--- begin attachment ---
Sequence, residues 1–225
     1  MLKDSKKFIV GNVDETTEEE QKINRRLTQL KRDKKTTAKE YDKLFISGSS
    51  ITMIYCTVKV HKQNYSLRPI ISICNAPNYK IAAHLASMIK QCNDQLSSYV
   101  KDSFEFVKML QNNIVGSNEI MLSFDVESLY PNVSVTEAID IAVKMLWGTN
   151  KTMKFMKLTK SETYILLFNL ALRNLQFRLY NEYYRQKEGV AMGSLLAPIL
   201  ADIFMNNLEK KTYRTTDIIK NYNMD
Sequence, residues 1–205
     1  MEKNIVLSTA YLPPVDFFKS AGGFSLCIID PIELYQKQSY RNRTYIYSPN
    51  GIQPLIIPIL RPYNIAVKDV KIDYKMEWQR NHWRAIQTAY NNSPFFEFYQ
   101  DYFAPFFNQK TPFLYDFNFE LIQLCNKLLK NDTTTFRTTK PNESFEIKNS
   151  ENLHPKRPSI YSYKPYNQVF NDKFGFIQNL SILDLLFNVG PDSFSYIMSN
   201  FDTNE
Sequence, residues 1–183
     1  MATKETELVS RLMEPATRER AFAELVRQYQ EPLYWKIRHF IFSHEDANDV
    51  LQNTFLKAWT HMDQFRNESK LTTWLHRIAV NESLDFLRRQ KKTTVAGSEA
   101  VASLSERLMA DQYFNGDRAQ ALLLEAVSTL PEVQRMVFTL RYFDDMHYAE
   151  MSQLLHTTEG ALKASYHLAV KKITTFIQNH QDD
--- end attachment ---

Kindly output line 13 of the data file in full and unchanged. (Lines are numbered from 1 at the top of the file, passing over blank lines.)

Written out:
Sequence, residues 1–183